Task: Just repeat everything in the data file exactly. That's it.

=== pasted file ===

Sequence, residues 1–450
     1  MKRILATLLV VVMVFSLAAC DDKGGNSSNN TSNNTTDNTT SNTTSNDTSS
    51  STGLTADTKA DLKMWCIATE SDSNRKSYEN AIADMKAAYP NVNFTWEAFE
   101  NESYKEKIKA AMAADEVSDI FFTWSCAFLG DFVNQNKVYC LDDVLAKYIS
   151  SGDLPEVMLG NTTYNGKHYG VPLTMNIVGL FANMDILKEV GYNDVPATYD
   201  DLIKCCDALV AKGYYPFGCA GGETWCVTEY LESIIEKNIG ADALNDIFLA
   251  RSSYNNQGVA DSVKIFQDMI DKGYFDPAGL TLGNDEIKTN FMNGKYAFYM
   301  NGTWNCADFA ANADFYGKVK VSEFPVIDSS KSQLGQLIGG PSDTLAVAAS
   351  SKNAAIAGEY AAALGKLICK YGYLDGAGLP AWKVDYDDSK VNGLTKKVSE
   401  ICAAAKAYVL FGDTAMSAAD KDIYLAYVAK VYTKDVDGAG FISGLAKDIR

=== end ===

Sequence, residues 1–450
     1  MKRILATLLV VVMVFSLAAC DDKGGNSSNN TSNNTTDNTT SNTTSNDTSS
    51  STGLTADTKA DLKMWCIATE SDSNRKSYEN AIADMKAAYP NVNFTWEAFE
   101  NESYKEKIKA AMAADEVSDI FFTWSCAFLG DFVNQNKVYC LDDVLAKYIS
   151  SGDLPEVMLG NTTYNGKHYG VPLTMNIVGL FANMDILKEV GYNDVPATYD
   201  DLIKCCDALV AKGYYPFGCA GGETWCVTEY LESIIEKNIG ADALNDIFLA
   251  RSSYNNQGVA DSVKIFQDMI DKGYFDPAGL TLGNDEIKTN FMNGKYAFYM
   301  NGTWNCADFA ANADFYGKVK VSEFPVIDSS KSQLGQLIGG PSDTLAVAAS
   351  SKNAAIAGEY AAALGKLICK YGYLDGAGLP AWKVDYDDSK VNGLTKKVSE
   401  ICAAAKAYVL FGDTAMSAAD KDIYLAYVAK VYTKDVDGAG FISGLAKDIR